Saturday, April 16, 2011

Arizona's medical-marijuana law takes effect

Arizona's medical-marijuana law takes effect today, but patients already have been lining up to pay hundreds of dollars in some cases for pot recommendations from clinics that opened in recent weeks for just that purpose.

Health officials are concerned that so-called certification mills could quickly turn a medical program into a recreational one, but they have limited recourse.

Starting today, people can apply with the state Department of Health Services for permission to use marijuana to treat debilitating medical conditions, including cancer, glaucoma, HIV/AIDS and Alzheimer's disease.

The online-only application requires a photo of the patient, a copy of his or her driver's license, a signed statement promising not to give the marijuana to anyone and certification from a physician that the patient would benefit from using pot.

State rules finalized last month by DHS require a health professional licensed by one of four Arizona boards - allopathic, osteopathic, naturopathic or homeopathic - to conduct a physical exam, review one year of medical records, confirm a debilitating diagnosis and check the patient's other prescriptions through an online database.

While much of the attention in the marijuana debate has focused on dispensaries, which won't go online until later this year, a small industry has sprouted to help patients qualify.

DHS Director Will Humble said the rules were written to regulate the industry as tightly as possible without running afoul of the law voters passed in November as Proposition 203. But he said it will only take a handful of physicians writing casual recommendations to explode the program.

"What I'm afraid of is there will be enough of them that just check the boxes but don't really do it (a thorough exam). Or do a cursory drive-by . . . collect the money and move on to the next patient," Humble said.

"I'm concerned that enough of them will end up turning this into a program that we didn't intend for it to become."

Humble said the health department will work with the Arizona Medical Board and other licensing boards to check up on doctors who appear to be issuing medical-marijuana recommendations outside the law. Red flags might be similar demographics or medical conditions, he said.

The first draft of rules required physicians to have a one-year relationship with a patient, but now a doctor could recommend pot to someone the same day they meet.

"What appears to be happening already is you've got a small group of doctors who are doing exclusive medical-marijuana recommendations to patients who are new to them," said Lisa Wynn, executive director of the Arizona Medical Board. "They're arriving at the answer before they've even met the patient."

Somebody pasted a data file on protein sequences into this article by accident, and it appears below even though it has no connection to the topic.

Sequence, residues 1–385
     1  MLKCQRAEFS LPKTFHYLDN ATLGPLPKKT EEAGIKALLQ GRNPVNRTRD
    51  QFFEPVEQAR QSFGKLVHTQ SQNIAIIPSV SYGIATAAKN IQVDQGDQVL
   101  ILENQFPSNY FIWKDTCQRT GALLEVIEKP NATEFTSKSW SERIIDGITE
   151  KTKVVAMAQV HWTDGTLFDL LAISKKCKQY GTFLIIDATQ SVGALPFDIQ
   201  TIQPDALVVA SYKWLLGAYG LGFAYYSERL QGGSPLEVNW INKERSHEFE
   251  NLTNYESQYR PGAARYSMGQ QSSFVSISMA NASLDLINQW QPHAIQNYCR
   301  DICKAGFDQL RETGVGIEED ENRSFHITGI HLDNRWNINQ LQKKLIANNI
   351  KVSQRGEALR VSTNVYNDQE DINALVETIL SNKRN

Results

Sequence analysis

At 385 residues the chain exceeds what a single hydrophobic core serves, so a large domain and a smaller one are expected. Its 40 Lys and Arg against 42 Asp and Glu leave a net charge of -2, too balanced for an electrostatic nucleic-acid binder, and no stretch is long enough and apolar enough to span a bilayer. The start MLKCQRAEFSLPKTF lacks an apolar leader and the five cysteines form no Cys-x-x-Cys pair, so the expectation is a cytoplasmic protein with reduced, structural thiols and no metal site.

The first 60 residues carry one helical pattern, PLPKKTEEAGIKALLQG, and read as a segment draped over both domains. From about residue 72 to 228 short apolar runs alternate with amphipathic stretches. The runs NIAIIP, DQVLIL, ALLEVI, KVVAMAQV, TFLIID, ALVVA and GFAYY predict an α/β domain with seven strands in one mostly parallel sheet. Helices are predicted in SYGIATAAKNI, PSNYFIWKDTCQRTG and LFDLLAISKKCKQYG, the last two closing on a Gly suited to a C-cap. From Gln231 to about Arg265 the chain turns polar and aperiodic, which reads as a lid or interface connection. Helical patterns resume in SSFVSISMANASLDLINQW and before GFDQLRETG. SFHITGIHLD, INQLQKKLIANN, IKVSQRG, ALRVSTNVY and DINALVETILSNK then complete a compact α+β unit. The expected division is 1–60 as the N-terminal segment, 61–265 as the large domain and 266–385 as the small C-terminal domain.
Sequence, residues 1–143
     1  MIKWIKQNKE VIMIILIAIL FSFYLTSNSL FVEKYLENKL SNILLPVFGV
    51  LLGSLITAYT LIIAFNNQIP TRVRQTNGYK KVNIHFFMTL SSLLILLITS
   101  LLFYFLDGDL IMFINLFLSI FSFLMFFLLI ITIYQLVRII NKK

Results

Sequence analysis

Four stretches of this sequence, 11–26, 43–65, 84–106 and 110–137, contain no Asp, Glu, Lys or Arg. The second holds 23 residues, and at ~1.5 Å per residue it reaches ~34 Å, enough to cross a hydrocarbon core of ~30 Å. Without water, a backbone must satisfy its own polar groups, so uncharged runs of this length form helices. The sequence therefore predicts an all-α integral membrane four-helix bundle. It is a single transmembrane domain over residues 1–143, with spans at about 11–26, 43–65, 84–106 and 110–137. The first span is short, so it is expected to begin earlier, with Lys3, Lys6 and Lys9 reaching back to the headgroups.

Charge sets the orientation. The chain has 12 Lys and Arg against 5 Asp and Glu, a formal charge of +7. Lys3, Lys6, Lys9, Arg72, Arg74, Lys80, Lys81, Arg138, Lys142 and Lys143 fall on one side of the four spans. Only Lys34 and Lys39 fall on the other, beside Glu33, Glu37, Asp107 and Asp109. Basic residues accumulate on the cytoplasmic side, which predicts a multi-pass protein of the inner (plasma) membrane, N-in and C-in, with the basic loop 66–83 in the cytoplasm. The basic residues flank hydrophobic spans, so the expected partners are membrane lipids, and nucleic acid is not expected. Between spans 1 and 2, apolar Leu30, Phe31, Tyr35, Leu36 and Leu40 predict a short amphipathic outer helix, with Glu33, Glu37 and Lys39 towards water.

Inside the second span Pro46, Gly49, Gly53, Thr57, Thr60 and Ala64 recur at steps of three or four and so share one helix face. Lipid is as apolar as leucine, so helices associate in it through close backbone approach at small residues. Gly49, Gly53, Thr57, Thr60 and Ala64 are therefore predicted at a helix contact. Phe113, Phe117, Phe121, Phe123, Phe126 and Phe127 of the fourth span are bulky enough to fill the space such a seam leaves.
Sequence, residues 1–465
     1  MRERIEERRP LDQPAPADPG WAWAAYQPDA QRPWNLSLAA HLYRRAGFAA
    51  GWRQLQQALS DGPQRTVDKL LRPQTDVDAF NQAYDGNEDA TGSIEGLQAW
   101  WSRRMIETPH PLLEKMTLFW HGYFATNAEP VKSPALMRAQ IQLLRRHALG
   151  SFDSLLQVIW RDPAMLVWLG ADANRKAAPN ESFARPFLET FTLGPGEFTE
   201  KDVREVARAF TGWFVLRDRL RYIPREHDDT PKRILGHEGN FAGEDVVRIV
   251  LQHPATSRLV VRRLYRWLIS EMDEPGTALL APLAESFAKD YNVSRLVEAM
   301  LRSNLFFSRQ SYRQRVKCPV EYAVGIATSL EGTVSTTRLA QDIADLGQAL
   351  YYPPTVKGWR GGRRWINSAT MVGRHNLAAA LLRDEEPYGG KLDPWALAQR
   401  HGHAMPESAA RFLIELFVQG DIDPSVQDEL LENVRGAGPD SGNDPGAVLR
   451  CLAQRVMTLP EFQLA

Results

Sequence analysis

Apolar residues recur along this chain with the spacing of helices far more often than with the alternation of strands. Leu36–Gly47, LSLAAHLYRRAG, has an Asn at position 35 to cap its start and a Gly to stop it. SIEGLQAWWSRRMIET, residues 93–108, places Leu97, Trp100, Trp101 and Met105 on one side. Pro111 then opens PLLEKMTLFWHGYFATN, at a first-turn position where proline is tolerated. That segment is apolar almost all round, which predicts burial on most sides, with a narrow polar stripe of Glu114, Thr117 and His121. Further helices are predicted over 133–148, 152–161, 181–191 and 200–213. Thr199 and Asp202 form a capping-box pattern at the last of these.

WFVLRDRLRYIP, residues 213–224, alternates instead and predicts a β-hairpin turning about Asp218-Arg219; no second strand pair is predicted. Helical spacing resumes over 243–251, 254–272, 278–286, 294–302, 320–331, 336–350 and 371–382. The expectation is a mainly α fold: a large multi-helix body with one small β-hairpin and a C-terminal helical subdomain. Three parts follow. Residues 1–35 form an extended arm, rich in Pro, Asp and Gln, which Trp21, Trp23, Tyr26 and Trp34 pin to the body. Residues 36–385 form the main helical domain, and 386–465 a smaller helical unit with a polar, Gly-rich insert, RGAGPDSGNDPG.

Sue Sisley, a Scottsdale internist in private practice, supported Proposition 203 but believes many doctors will opt out of the recommendation business for fear of jeopardizing their practices.

"I know tons of docs who won't come near this program," said Sisley, whose practice doesn't include anyone who would qualify. "That's what lends itself to these certification mills. That's what we were hoping to avoid by the rule-making."

Jay Reis, director of Arizona Medical Marijuana Certification Centers, runs three clinics in Scottsdale, Tucson and Cottonwood and is the process of opening three more. The centers charge $150 for a same-day certification but require three years of patient records, though the law only requires one.

Reis said he launched the business in January because he believes medical marijuana can bring relief to suffering patients. He said he's offended by mobile-certification outfits set up in hotel rooms or trailers by newcomers to Arizona, who give clinics like his a bad name.

"They're coming in here, putting doctors in a hotel room and not even giving you a physical," he said. "They're just here for the money."

Humble said he doesn't care where the exams are done, only that all the requirements are complied with.

"I don't care whether the assessment happens in the park," Humble said. "The question is, is the physician acting in the best interest of the patient?"

The DHS will have 15 working days to process the applications and has hired 10 temporary workers in hopes of avoiding a backlog.

Humble said the agency can handle up to 500 applications a day. Patients whose certifications aren't processed within the timeframe will have the $150 health-department fee waived.

Since there are not yet any licensed dispensaries in Arizona, patients who receive medical-marijuana ID cards also will have authorization to grow their own pot.

Patients can cultivate up to 12 marijuana plants. The plants must be grown indoors in a locked room or outdoors surrounded by a concrete wall and a locked steel gate.

by Mary K. Reinhart The Arizona Republic Apr. 14, 2011 12:00 AM



Arizona's medical-marijuana law takes effect

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